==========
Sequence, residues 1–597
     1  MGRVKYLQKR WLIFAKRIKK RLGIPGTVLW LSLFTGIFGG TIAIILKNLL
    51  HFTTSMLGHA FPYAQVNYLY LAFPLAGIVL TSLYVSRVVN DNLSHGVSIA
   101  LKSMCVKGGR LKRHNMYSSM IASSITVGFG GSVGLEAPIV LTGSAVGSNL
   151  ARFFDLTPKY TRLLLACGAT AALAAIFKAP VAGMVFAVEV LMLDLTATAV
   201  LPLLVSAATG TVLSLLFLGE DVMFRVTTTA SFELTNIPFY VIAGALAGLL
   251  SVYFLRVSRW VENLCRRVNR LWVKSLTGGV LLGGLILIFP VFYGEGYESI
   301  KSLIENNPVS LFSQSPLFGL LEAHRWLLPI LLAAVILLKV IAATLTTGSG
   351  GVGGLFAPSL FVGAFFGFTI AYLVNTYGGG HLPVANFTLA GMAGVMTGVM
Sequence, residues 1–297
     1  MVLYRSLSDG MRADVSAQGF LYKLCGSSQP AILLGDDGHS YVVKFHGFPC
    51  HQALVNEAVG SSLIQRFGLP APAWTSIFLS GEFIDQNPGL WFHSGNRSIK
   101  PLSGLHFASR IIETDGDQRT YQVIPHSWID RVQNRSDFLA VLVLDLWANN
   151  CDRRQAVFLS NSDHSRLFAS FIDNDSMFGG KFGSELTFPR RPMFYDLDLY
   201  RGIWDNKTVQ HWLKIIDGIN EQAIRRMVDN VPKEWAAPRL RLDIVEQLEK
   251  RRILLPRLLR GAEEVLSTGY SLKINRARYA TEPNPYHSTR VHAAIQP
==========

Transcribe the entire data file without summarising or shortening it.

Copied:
Sequence, residues 1–597
     1  MGRVKYLQKR WLIFAKRIKK RLGIPGTVLW LSLFTGIFGG TIAIILKNLL
    51  HFTTSMLGHA FPYAQVNYLY LAFPLAGIVL TSLYVSRVVN DNLSHGVSIA
   101  LKSMCVKGGR LKRHNMYSSM IASSITVGFG GSVGLEAPIV LTGSAVGSNL
   151  ARFFDLTPKY TRLLLACGAT AALAAIFKAP VAGMVFAVEV LMLDLTATAV
   201  LPLLVSAATG TVLSLLFLGE DVMFRVTTTA SFELTNIPFY VIAGALAGLL
   251  SVYFLRVSRW VENLCRRVNR LWVKSLTGGV LLGGLILIFP VFYGEGYESI
   301  KSLIENNPVS LFSQSPLFGL LEAHRWLLPI LLAAVILLKV IAATLTTGSG
   351  GVGGLFAPSL FVGAFFGFTI AYLVNTYGGG HLPVANFTLA GMAGVMTGVM
Sequence, residues 1–297
     1  MVLYRSLSDG MRADVSAQGF LYKLCGSSQP AILLGDDGHS YVVKFHGFPC
    51  HQALVNEAVG SSLIQRFGLP APAWTSIFLS GEFIDQNPGL WFHSGNRSIK
   101  PLSGLHFASR IIETDGDQRT YQVIPHSWID RVQNRSDFLA VLVLDLWANN
   151  CDRRQAVFLS NSDHSRLFAS FIDNDSMFGG KFGSELTFPR RPMFYDLDLY
   201  RGIWDNKTVQ HWLKIIDGIN EQAIRRMVDN VPKEWAAPRL RLDIVEQLEK
   251  RRILLPRLLR GAEEVLSTGY SLKINRARYA TEPNPYHSTR VHAAIQP